What Are the Dangers of a Dog Chewing on Pine Wood?

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Chewing pieces of wood is a classic canine pastime often encouraged by owners who throw sticks for their pets to fetch. While this activity may seem relatively harmless, it can be dangerous for your pet depending on the type of wood you're using to play with.

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Take pine, for example. Depending on where you source pine wood from, it can contain natural and artificial toxins that could be hazardous to your dog. There is also a risk of internal injury from ingesting broken shards of wood, which can have life-threatening consequences. Learn about the dangers associated with your dog chewing on pine wood.


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Pine toxicity in your dog

Norfolk island pine trees appear naturally in temperate forests and are cultivated throughout the United States. They are grown for landscaping purposes and are commonly sold as Christmas trees.

With its fragrant pine needles, it's a popular choice for many households during the holiday period, but a pine Christmas tree can cause problems for your dog's health. While the exact mechanism of toxicity is unknown, some dogs develop an upset stomach after eating pine wood or pine needles. The poison is not considered fatal, although vomiting, diarrhea, and lethargy may follow ingestion, so it's definitely an unpleasant experience for both you and your dog.


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Your dog may be poisoned by chemicals

The wood used to build outdoor structures, furniture, and other objects may be treated with chemicals to repel the elements. Pieces of treated lumber can contain toxic arsenic compounds, which are poisonous to both dogs and humans. Chewing the wood is certainly dangerous, but your dog can even become ill by eating food or drinking water from the surface. Common signs of arsenic poisoning in dogs include:


  • Lack of stability while standing or walking
  • Excessive salivation or drooling
  • Severe digestive distress
  • Sensitivity to touch or pain in a dog's mouth or gastrointestinal tract, prompting aggressive reactions
  • Loss of consciousness

It's important to regularly seal decks that have been treated with toxic chemicals to prevent arsenic from leaching out. Do not burn, saw, or power wash the material around the home because the dangerous chemicals could remain in your dog's environment. And it's not just indoors. Common garden fertilizers and pesticides are toxic to dogs, causing an upset stomach if your dog ingests small quantities and more serious dog health problems if ingested in larger quantities.



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The risk of physical injury to your dog

As your dog gnaws away at a stick or chunk of wood, whether from a pine tree or treated wood, they will invariably break off tiny pieces. These fragments pose a serious health hazard, as they can become lodged inside their throat or stomach. In some cases, the splinters puncture the esophagus or digestive tract, which can be deadly without prompt medical intervention Take your dog to the veterinarian immediately if you notice symptoms of internal injury, which could include:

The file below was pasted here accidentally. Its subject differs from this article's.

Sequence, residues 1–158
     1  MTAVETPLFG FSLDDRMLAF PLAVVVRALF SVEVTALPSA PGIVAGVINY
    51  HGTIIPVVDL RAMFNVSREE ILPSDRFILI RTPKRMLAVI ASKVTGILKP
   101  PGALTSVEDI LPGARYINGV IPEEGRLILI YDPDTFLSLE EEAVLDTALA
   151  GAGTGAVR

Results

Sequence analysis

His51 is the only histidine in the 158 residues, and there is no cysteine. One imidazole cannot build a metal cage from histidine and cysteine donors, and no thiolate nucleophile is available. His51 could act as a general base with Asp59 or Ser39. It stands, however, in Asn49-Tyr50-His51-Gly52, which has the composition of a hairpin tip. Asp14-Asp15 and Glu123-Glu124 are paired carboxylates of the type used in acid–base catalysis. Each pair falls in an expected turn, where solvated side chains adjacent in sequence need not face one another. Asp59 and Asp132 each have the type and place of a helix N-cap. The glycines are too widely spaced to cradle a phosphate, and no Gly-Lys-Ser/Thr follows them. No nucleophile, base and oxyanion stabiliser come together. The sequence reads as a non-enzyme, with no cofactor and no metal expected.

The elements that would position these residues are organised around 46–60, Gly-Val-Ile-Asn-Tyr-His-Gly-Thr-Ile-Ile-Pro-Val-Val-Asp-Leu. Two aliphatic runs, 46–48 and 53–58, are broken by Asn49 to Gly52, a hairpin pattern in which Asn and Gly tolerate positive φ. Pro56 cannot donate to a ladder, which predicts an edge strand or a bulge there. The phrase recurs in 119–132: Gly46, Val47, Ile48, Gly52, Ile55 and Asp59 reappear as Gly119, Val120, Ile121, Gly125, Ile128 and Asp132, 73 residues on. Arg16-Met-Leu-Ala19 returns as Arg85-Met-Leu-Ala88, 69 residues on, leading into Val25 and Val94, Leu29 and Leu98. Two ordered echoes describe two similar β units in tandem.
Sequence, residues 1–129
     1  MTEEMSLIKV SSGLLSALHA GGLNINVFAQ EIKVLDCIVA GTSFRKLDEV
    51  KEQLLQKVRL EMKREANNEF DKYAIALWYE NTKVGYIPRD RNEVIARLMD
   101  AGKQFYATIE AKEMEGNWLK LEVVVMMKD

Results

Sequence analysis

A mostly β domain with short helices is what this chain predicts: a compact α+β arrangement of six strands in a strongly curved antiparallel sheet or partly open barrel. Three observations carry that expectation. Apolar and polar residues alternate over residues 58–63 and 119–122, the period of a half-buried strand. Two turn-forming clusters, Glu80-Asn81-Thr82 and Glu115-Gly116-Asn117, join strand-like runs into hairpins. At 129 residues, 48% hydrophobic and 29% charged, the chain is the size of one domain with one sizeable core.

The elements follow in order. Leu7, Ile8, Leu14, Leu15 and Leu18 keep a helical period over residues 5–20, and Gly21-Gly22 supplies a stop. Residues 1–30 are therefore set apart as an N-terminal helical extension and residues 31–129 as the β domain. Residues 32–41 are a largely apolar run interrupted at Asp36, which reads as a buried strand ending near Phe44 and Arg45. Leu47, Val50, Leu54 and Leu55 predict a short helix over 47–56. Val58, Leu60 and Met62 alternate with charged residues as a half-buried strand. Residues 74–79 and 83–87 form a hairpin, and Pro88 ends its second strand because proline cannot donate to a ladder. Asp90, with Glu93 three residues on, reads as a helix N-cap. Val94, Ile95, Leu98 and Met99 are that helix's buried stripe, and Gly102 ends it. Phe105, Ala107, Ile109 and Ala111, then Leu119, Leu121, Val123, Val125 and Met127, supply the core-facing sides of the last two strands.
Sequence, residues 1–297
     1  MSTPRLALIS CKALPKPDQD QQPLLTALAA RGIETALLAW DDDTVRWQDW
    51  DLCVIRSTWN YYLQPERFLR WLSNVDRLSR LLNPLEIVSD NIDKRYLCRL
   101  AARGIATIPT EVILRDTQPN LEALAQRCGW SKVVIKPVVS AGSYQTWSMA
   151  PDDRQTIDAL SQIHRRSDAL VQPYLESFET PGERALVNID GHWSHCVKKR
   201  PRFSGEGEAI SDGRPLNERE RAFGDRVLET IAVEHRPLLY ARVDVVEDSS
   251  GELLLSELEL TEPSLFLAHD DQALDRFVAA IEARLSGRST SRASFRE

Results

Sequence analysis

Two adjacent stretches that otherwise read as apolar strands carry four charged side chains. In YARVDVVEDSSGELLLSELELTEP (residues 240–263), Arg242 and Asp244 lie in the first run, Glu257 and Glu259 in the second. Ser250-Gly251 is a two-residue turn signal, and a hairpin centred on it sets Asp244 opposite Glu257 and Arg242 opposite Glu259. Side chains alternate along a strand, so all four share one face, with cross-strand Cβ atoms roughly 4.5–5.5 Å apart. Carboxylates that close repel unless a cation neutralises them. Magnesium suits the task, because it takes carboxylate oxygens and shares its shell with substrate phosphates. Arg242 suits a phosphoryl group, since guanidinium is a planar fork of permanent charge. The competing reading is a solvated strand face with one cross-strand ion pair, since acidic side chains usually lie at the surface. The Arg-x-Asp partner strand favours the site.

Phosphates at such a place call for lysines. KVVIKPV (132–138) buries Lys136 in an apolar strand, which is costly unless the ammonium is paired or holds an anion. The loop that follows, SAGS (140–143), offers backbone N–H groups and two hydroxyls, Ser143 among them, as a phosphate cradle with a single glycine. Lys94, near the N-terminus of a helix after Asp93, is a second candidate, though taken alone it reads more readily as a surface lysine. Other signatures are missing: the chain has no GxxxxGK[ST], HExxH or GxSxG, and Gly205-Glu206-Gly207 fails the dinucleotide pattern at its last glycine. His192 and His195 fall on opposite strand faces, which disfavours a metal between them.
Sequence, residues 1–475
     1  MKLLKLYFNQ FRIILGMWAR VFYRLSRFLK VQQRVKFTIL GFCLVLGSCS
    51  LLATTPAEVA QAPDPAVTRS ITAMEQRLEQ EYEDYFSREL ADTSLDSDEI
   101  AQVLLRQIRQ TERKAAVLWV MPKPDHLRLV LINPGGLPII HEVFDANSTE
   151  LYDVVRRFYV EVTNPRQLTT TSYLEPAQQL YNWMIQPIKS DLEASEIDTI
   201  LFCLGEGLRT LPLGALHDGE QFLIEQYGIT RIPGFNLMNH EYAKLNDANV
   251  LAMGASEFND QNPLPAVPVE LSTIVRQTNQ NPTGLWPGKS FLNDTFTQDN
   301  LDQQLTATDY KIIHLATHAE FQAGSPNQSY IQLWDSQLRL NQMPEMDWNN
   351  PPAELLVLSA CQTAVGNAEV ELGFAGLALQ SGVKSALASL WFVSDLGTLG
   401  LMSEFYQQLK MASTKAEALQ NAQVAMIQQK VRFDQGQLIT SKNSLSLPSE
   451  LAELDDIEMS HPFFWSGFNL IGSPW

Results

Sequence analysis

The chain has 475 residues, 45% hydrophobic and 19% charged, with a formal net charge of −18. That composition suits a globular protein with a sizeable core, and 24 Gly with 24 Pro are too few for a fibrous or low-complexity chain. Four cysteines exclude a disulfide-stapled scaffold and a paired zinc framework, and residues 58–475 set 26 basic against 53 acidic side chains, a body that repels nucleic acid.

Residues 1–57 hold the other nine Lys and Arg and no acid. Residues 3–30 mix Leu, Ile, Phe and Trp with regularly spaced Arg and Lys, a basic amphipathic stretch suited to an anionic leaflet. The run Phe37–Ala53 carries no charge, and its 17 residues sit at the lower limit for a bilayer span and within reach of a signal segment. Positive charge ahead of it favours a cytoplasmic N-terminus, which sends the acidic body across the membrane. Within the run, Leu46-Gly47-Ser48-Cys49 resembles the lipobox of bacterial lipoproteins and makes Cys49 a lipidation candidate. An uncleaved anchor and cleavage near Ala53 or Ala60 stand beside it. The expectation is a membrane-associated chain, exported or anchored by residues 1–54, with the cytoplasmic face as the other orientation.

• Bleeding from the mouth, including the gums or tongue
  • Labored breathing accompanied by gagging or coughing
  • Blood in your dog's stool
  • Whimpering, agitation, or other signs of pain with no discernible cause
  • Loss of appetite and/or desire to drink

Are pine cones bad for dogs?

Yes, pine cones are bad for dogs if they eat them.‌ Eating pine cones and pine tree needles can cause a number of problems for dogs and dog owners. While they don't contain toxins, it doesn't mean they're safe for your dog to chew or swallow. Since they have sharp edges, they can get stuck in your dog's stomach, causing serious intestinal blockages, or they can get stuck in your dog's throat. Pine cones may seem like a fun, natural alternative to dog toys if your dog picks one up while you're both out and about, but if you see one in your dog's mouth, you should take it away.


Preventing wood injuries in dogs

Encourage your pet to play with safe toys that are designed for dogs. There are so many different types of dog toys available, and different dogs enjoy different toys. To find the perfect one for your dog, try a few different types to find the ones they enjoy. Chew toys, rubber bones, and balls are just a few of the many options available at your local pet store. Remove fallen sticks and branches from your yard on a regular basis to keep your dog from getting back into their old habit.



People and some animals can develop compulsions to nibble on nonfood objects. This condition is called pica. "Pica does occur in dogs but a nutritional deficiency is not a cause for pica in dogs," says Dr. Jordan Kautz, a veterinarian at Crestview Veterinary Clinic in Austin, Texas. "Horses can have nutritional pica and cats can have anemia, causing pica, but dogs will not."

While chewing on random objects is a normal phase of development for puppies and dogs, the habit can become ingrained to the point of dysfunction. It can also stem from infections, hormonal imbalance, and parasites as well as stress and neurological disorders. If your dog displays an insatiable compulsion to consume wooden objects or any other nonfood object, it's important to get them to the veterinarian for a checkup.

The bottom line

Discourage your dog from chewing on pine or wood in general. Pine cones and pine needles can get stuck in your dog's throat or stomach. Pine is a soft wood that can splinter under a dog's teeth and cause a blockage. Also, wooden furniture is often treated with chemicals that can make your dog sick. give safe dog chew toys instead of wood or sticks.


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